Thursday, 2 April 2009

A man has died at the G20 protest

A man has died at the G20 protest. Emergency services were called by a member of the public who found the man unconscious in the street. Police officers arrived at the scene first, but the man had stopped breathing. A police source said it was likely the man died from a medical condition, although that would not be confirmed until after a post-mortem. They dearly hope this is the case.

From treslola:
For around 3 hours, from 12:30pm, police officers formed human barricades to block the free movement of demonstrators in and around the Bank of England. Police officers disallowed people the right to leave the campaign area, they decided that the best way to communicate this lock down was to yell at and push back any demonstrator that dared come close to their shoulder-to-shoulder blockade. We were detained without reason and with force.

Essentially, anyone inside this penned off area spent three hours without any provision of water, food, toilet facilities and with limited access to shaded areas. For the most part, those in this area were keen to be there and thus being disallowed free movement around London was not of key concern.

What occurred outside of the Bank of England was a largely peaceful demonstration attended by a multitude of social justice groups. The minority that hurled objects through windows and started small blazes in the street were given extensive media coverage and exceptional focus was placed on these people as if they were indicative of what the greater proportion of campaigners were about.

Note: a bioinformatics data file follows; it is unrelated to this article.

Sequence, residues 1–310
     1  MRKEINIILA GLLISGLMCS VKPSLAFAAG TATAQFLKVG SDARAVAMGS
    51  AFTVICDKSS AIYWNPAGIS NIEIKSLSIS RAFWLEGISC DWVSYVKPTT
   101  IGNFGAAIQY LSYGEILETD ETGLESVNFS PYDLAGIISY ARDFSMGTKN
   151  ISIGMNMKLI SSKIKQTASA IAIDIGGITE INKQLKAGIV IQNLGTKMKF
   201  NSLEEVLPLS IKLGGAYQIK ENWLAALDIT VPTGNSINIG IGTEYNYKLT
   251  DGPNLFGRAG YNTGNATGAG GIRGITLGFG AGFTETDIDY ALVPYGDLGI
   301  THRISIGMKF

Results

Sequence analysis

'Demonstration' is not synonymous with 'Violence'.

From Indymedia:
A photographer was taken to one side by police and threatened under anti-terror legislation that he was not allowed to take pictures of police "engaged in their duty." Police confiscated his camera and attempted to delete all the photographs he'd taken. The photographer pulled out another camera to film them doing this, and was threatened again, but police then returned the first camera.

At midnight: 'Police are now moving from south to north pushing people out of the space occupied by the climate camp, and it's clearing out fast.'

Google news Reuters
JimJay Daily Maybe blog
Up to date twitter feed from the G20
Noel Lynch is carrying a report on police tactics today
'When police in riot gear appeared and one protester was arrested, bottles started to fly over our heads, so we edged away from our corner of Princes Street to try and find a safer spot. By now, a lot of people desperately wanted to be let out of the cordon and the atmosphere was becoming increasingly volatile.'

Leninology reports on police behaviour. People were "pounded with clubs and left covered in their own blood." "One lady got dragged roughly across the street"

Student Medic also reports on the violence
'Sadly, the protest was marred by violent and provocative tactics used by the police in their attempts to contain demonstrators. Thousands of demonstrators including pregnant women and young children were ‘kettled’ in to a small area immediately outside the Bank of England with only those who had work ID for the local area or were NUJ members allowed out of the police blockades. Protesters were denied access to food, water and toilets for over 2 hours. A small minority of protesters trying to escape from the enclosure early on were arrested by the police. Furthermore, police on horseback appeared rapidly to prevent protesters advancing down a side street. The use of police on horseback against pedestrian demonstrators is wholly inappropriate and stokes up violence and fear in protesters unnecessarily.